Now that you’ve collected a large database of recipes and started applying them, you should begin to develop some contextual understanding of when to use which recipes. Start looking for more maxims and applying them to your practice, and seeing if they make sense to you. Try breaking away from the clear recipes you have, trying to change things in them, and seeing what happens. Make your own versions of the recipes by piecing together different recipes and looking up help as you need it.
The only way you graduate from novice is by breaking away from fixed recipes. You need to try improvising, combining recipes, and letting yourself make mistakes. More importantly, when something goes wrong, start looking for how to solve it without blaming the recipe. You won’t have the personal involvement yet, but you can start learning to troubleshoot by combining different sources of knowledge instead of relying on singular recipes.
To become an Advanced Beginner, break away from fixed recipes and start combining them with maxims into new projects.
At this point you should have a large repertoire of recipes and maxims that you can apply, but not a lot of clarity around what is important in deciding which ones to use. You might get overwhelmed by decisions easily, and as a result, revert to simply following a recipe and hoping you get lucky.
Now you need to start trying to figure out what data and information is important and what isn’t. This can be hard to do on your own, which is why the Advanced Beginner to Competent stage is benefited greatly by a mentor who can provide rules and guidelines on what information to focus on. Without a mentor, you’ll need to find guidelines and rules online or in books to help you, or through trial and error, develop them on your own.
One method for doing this might be to deliberately restrict yourself in a situation to not using all of your available recipes. Maybe you force yourself to write without any adjectives, or draw using only pencil, or play with only your pawns and king. By deliberately limiting what data you can focus on, you’ll develop a more intuitive understanding of what is and isn’t relevant in novel situations.
With this deliberate limiting should come more joy and despair when you succeed or fail. You’re no longer following clearly defined recipes, you’re improvising more, and that means you need to accept the emotional stress of doing so. Don’t resist this emotional burden. If you revert to blaming recipes or teachers for your failures, you will never develop the intuitive understanding of what to do and what not to do that’s necessary for competence, proficiency, and expertise.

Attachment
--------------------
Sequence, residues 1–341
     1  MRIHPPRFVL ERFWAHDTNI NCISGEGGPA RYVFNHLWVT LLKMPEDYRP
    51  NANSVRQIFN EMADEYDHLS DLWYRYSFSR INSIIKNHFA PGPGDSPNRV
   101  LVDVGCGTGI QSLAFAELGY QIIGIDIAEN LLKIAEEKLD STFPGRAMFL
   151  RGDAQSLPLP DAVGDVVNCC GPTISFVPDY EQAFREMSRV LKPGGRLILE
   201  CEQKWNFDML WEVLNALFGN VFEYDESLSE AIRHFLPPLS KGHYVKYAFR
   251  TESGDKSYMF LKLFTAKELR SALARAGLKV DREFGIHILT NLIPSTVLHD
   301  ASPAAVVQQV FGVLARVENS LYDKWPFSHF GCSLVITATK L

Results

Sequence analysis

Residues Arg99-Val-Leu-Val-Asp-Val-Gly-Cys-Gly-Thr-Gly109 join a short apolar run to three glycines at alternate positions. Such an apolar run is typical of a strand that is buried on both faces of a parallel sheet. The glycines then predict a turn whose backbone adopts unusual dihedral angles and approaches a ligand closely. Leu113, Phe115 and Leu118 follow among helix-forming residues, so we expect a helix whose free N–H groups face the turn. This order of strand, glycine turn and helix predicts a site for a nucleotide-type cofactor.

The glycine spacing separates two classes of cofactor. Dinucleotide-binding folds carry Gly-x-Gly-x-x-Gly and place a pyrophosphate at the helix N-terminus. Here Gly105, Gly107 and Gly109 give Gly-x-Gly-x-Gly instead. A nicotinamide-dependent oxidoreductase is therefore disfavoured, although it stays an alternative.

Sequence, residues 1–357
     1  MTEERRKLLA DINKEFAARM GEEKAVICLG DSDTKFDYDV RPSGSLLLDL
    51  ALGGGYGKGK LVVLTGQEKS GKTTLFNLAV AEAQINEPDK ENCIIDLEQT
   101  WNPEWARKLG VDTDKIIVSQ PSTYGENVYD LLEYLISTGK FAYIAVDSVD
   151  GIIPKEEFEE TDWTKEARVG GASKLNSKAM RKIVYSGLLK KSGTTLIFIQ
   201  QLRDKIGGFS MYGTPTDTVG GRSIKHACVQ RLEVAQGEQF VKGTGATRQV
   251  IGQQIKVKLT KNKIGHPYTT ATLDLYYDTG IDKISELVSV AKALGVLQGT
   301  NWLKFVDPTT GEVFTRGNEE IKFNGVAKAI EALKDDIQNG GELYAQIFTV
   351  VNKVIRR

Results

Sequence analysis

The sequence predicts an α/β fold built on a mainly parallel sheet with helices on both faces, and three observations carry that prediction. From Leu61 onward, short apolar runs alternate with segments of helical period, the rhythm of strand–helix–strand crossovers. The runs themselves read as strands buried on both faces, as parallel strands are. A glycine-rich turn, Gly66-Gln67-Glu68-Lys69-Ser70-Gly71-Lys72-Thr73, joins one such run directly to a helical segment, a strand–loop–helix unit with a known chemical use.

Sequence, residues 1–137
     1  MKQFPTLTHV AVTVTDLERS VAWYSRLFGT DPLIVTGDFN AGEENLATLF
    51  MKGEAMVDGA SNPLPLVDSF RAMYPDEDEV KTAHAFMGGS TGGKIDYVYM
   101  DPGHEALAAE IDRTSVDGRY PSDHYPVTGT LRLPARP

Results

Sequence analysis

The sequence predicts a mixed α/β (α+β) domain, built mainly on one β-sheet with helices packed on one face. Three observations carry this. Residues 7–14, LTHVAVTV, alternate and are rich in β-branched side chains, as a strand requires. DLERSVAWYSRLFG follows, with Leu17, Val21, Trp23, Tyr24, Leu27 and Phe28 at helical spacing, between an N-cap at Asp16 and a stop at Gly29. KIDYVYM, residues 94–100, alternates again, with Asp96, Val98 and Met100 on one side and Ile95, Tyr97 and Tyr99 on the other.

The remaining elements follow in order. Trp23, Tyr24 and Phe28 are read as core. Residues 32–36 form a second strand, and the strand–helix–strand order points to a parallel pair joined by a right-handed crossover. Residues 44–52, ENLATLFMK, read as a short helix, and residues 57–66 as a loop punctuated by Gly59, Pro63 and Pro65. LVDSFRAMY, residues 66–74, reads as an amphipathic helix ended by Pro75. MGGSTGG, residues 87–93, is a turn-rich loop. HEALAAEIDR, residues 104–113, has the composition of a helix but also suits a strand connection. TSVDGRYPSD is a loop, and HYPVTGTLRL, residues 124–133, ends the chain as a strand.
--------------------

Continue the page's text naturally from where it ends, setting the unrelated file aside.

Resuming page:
To become Competent, deliberately limit what information you can consider in order to develop a more intuitive understanding of what is and isn’t important.
At this point you’re emotionally invested in the outcomes and you’re starting to develop an understanding of what inputs are important, but you haven’t completely internalized what data you need to focus on. There’s still a choice being made about what to focus on, it’s not intuitive.
This is where tactics start to get hazy. It’s difficult to practice making something intuitive, so you need to keep employing deliberate practice around what to focus on and set as your goal and assess the outcomes in order to reach proficiency. As you get better at picking what data and goals to focus on, you will slowly develop a more intuitive understanding of which decisions will do well and which ones won’t and you’ll move from competent to proficient.
It will be an emergent shift. You won’t be able to do it as deliberately as you did the last three, rather, you’ll wake up one day and realize you know what to focus on. You’ll look at a chess board and know what your goal should be. You’ll look at a setting and know what variables to focus on with your photo. You’ll look at a site and know which marketing tactics will work well for it.
To become Proficient, keep practicing and collecting more experience until your chosen perspective becomes intuitive. Until you have a sense of what to focus on and what goals to set instead of having to choose it deliberately.
Finally, to reach expertise, you need to not only intuit what to focus on but also how to do it. Everything must feel completely intuitive like recognizing the faces of your family or navigating the streets around where you grew up. In most cases, you won’t be able to explain what you’re doing to non-experts. You’re going by feel and subconscious reason instead of conscious deciding and choosing.
To reach this stage, it again comes back to deliberate practice. You must keep experimenting and practicing and limiting yourself in order to see how different goals you intuitively set lead to different outcomes until you can intuitively set the process as well.
Practice following your instincts and seeing where they lead, and allow yourself to feel good or bad about the outcomes in order to learn the most from the experience. You have to let yourself be emotionally involved in the whole process in order to develop expertise.
The move from proficient to expert will take the longest, so be patient with it. Keep practicing, keep experimenting, and with time, you’ll develop the intuition you need.
Now that you understand the five levels of expertise, what defines them, and how to move up in them, you can develop a clear roadmap for improving any skill you want to become an expert at.
Assess your skill level using the criteria and flow chart provided.Figure out what you need to do to reach the next level: get more recipes? Limit your inputs? Practice improvising? Consult the relevant section.Keep employing deliberate practice to move from Competent to Proficient to Expert. Don’t get stuck at Advanced Beginner as most people do, keep challenging yourself and letting yourself be emotionally invested in the outcomes to keep progressing.
Best of luck, and don’t forget to enjoy the process.